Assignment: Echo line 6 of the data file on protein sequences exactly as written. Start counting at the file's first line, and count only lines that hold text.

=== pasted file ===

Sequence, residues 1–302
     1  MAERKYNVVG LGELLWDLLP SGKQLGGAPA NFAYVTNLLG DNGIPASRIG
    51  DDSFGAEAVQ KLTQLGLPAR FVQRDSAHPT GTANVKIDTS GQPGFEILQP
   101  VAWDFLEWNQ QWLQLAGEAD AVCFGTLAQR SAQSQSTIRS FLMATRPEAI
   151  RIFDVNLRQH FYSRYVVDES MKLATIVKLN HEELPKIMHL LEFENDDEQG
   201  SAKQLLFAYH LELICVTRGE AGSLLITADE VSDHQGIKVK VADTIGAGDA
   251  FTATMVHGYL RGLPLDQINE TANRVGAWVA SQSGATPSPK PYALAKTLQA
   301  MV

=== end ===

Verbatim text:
   201  SAKQLLFAYH LELICVTRGE AGSLLITADE VSDHQGIKVK VADTIGAGDA